was a muttly terrier who rose from the ranks of the homeless to celebrity status
with his image on the newly issued U.S. Forever postage stamp. His life was that
of a courageous 19th-Century pioneer pup, fighting the odds, if not the Indians.
Although his life story has periods of unknown activity, as befits an independent
type like Owney, it is sometimes necessary to fill in the blanks with an imagined
version of probable events. Here then is a mostly true tale of as brave a being
as ever worked in a branch of the government explicitly authorized by the United
States Constitution. |
Forever Postal Stamp with Owney The Postal Dog|
courtesy of National Postal Museum
was born in Albany, New York. Probably. One can never tell with a one-night stand.
He may have been born in 1886, 1887 or 1888, more or less. You see, births were
not registered back then unless you were human. Owney badly wanted to be human
and even more, he wanted to be a mailman in the RMS (Railway Mail Service). Some
say Owney began his career walking to work with a human postal clerk who took
a shine to him and let him hang out at the work place. Others believe Owney simply
crept into the post office, unnoticed, and began his career that very day, when
he fell madly in love with a mail pouch. |
Owney developed a passionate
and lasting affection for all ordinary mail pouches transported by railroad and
mail wagon. One day, a sack of mail fell off the mail wagon Owney had hitched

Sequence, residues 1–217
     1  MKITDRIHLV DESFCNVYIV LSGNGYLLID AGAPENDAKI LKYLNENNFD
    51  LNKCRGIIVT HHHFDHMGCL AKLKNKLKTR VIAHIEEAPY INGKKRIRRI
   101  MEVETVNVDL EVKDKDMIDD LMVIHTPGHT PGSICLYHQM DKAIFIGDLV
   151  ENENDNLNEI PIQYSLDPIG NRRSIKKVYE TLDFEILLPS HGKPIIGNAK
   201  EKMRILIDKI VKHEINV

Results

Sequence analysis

a ride on, and he jumped off the wagon and onto the sack, guarding it until the
driver could retrieve it.
It is fair to say that Owney idolized those
bags even more than the humans who dealt with the mail they contained. Perhaps,
since mail sacks were used by mailmen on their routes as shields against unfriendly
canines, it was the scent of all those other dogs that so fascinated Owney. Or
perhaps the leather wasn't properly cured. Whatever the reason, Owney was in love
and decided to stay forever. In fact, he did even better than that; he also traveled
with them. It wasn't so much that Owney wanted to ride the rails, it was more
that he followed the mail sacks onto mail wagons and then onto mail trains, riding
along with the bags wherever they went. He was even known to leap from one mail
train right onto another.
the Postal Dog on the Train|
National Postal Museum
|There is no proof
that Owney helped railroad mail personnel sort the mail while in transit, becoming
the fastest sorter of all time, but neither is there proof that he didn't. |
was a jet setter long before jets were invented. He traveled first across New
York State, and then across the entire nation, and in 1895, Owney went around
the world, traveling with mailbags on trains and steamships all the way to China,
Japan, The Suez, Alaska, Mexico, and across Europe, before coming home to Albany.
We know this is true because The National Postal Museum in the Smithsonian says
Despite the then-common danger of train wrecks and derailments (and